The erect stems bear small, oval evergreen leaves with a grey-green color. They’re arranged in opposite pairs and are 5⁄32 to 25/32 inches (about 4 to 20 mm) in length. These aromatic leaves can be used as a fresh herb or dried and used as a seasoning.
The thyme plants give abundant flowers, usually between May and September. They’re borne in tubular clusters at the stems’ tips and are typically purple. Depending on the cultivar, you can also find thyme with yellow, pink, or white flowers. They’re edible and give off a balsamic scent and lemony flavor to make a bright, flavorful garnish to dishes.
What Kind Of Conditions Does The Thyme Plant Grow Well?
Thyme is a popular herb in home gardens for its culinary and decorative uses. This versatile herb isn’t hard to grow if you have the right knowledge. Here’s what you should know about growing it.
The plant isn’t picky about its temperature requirements in any way. It will grow well through most parts of the year as long as there’s no threat of frost. Though it can survive through the winters, its growth will stop during this period. Their growth is at its best during the summer months, which is also when you’ll see bright, dense blooming that attracts bees and other beneficial insects.
Thyme likes to grow in full sunlight but will tolerate partial shade as well. You can also grow the plant indoors if you don’t have enough or any garden space outside. As a tip, I would recommend you to place it near a sunny window when you grow it indoors. The surprising bit is that this herb grows better in poor soil. It will thrive in sandy or loamy soil and even in rocky gravel. How great is that?
Water And Fertilizer
One of the best things about this plant is that you don’t even need to water it regularly. A good fortnightly or monthly drink is enough to keep up the growth. Water only once the soil is completely dry. Please remember to treat it with an all-purpose fertilizer, prepared at half strength, each spring to keep your plant healthy. Overfertilization may boost foliage growth but will diminish its fragrance and flavors, so be careful with that!
Is It Safe To Eat / Consume Thyme?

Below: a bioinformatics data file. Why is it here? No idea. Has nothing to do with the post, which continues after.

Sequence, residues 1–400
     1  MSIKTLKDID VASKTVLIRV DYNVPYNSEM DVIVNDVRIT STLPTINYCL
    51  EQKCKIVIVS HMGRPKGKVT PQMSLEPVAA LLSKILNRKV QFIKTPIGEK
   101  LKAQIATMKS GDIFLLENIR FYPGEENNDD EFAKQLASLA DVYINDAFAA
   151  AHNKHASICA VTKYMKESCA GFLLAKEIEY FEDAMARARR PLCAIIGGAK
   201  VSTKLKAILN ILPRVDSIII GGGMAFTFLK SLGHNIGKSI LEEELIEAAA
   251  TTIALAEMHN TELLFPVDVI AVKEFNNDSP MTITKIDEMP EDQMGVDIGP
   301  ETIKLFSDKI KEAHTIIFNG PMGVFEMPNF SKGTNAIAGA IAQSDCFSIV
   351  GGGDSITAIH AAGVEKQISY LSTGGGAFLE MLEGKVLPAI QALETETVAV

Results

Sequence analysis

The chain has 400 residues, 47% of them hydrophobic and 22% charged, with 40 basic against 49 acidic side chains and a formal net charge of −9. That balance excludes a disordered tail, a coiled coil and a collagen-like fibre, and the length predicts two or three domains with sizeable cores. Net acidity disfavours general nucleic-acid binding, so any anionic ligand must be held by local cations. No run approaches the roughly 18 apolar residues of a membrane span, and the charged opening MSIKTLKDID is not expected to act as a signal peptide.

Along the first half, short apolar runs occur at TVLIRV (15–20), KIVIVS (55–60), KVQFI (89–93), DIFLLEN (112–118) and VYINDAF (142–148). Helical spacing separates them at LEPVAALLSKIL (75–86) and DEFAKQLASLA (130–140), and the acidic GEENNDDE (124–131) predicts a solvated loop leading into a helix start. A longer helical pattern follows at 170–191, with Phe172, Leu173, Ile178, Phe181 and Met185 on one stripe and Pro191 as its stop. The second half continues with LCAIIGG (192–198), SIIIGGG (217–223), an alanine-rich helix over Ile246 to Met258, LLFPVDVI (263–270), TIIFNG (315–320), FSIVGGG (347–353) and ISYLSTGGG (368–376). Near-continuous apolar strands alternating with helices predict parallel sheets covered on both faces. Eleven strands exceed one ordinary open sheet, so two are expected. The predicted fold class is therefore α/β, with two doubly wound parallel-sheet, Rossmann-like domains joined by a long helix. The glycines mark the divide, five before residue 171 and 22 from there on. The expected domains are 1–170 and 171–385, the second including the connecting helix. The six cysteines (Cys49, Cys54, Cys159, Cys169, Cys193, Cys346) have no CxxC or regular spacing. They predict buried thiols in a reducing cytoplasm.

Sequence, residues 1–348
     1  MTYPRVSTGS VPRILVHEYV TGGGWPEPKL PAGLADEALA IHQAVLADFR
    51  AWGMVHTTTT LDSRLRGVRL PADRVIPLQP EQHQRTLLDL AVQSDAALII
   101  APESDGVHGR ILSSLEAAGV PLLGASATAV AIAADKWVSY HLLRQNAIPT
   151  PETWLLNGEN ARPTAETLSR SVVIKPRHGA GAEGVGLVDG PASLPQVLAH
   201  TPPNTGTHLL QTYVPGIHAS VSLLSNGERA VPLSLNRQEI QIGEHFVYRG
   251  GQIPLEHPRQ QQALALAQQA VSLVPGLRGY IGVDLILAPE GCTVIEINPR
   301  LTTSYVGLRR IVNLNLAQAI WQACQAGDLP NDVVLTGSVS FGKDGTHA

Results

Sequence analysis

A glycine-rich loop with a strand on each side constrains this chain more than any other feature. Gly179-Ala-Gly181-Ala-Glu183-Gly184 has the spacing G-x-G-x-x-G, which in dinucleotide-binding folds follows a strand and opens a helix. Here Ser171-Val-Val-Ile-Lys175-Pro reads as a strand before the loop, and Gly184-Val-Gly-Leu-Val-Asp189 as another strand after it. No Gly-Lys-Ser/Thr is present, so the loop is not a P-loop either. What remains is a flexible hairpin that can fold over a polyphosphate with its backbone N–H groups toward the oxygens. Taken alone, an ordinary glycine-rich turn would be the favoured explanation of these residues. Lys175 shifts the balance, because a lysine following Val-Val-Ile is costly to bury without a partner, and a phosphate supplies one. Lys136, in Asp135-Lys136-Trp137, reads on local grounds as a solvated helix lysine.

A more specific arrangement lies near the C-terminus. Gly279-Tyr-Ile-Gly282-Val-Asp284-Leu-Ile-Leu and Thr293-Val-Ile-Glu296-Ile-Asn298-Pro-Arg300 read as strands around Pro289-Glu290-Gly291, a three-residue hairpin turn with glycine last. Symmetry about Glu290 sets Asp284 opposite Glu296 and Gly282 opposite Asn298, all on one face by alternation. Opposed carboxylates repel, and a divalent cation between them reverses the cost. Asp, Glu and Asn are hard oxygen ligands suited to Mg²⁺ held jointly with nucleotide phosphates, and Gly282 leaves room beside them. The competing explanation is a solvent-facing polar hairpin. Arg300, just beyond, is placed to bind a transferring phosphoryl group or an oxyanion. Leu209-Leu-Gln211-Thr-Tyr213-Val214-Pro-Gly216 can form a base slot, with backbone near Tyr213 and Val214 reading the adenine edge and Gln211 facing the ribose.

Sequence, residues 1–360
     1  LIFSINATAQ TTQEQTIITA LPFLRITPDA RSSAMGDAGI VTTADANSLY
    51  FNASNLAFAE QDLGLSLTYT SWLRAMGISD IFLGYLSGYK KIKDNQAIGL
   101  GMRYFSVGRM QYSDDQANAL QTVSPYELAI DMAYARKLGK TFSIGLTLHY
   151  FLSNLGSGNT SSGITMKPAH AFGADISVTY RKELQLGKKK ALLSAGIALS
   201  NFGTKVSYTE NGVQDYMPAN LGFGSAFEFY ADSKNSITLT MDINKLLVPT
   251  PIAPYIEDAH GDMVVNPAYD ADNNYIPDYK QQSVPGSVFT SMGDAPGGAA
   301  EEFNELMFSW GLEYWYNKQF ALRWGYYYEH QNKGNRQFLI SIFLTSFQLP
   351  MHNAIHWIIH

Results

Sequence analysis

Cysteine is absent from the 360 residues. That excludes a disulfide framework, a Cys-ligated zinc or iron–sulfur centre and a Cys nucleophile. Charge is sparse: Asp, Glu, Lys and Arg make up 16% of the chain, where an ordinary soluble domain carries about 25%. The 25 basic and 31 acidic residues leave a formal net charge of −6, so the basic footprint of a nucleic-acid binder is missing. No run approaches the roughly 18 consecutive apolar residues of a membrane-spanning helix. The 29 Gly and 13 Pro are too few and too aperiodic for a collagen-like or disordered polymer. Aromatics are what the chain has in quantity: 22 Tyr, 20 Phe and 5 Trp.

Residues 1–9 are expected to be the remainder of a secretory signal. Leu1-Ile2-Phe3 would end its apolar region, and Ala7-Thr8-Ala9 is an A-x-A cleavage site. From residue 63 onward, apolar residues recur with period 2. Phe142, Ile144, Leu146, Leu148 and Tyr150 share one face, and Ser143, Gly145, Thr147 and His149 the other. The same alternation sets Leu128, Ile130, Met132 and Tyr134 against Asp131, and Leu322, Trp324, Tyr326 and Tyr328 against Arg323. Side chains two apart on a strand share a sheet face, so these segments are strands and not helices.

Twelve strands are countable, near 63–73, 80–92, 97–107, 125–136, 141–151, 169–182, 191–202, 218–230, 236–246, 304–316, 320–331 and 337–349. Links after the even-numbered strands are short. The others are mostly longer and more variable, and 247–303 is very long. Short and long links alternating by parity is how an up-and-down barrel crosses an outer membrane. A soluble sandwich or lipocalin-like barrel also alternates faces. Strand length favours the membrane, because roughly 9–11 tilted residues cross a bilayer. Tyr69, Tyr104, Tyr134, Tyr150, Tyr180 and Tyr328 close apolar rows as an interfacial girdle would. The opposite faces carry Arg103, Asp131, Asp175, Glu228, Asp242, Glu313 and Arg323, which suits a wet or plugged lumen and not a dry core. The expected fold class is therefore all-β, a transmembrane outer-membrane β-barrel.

Thyme isn’t just a fragrant and flavorful herb, but nutritious too. It’s packed with Vitamin C and A and is also a good source of calcium, fiber, iron, and manganese. The oil, leaves, and flowers of this plant effectively treat many ailments and diseases. It is also often included in face washes and anti-acne creams, thanks to its anti-bacterial properties.
Is the plant equally safe for everyone, or are there any medical conditions in which its consumption or use should be avoided or monitored? Let’s take a look.
Pregnant And Breastfeeding Women
Thyme is safe for pregnant and breastfeeding women as long as the plant is consumed in moderate amounts. Since there isn’t much research on whether eating it in large quantities is safe or not, it’s best to use it in food amounts.
Thyme is safe for children as long as it’s only included in their diet in safe amounts. Too much of it can upset your little one’s stomach.
People With Allergies
Some individuals are sensitive to plants in the mint family. If you’re allergic to mint, oregano, or other herbs from the Lamiaceae family, you’re likely allergic to thyme too. So be careful!
People With Diabetes
Thyme is safe for people with diabetes. It has a high antioxidant content and anti-inflammatory and anti-bacterial properties to boost health and immunity.
Bleeding Disorders And Surgery
Thyme can slow down blood clotting. If you have a bleeding disorder, have recently undergone surgery, or have surgery scheduled in the next two weeks, it’s better to avoid thyme altogether.
If you have hormone-sensitive diseases, like breast cancer, ovarian cancer, uterine cancer, or similar conditions, it’s best to avoid thyme since it can function as estrogen.
The thyme plant is non-toxic to your pets, and you can safely grow it at your home. The best part is that you can even offer the leaves as a treat for your cat or dog.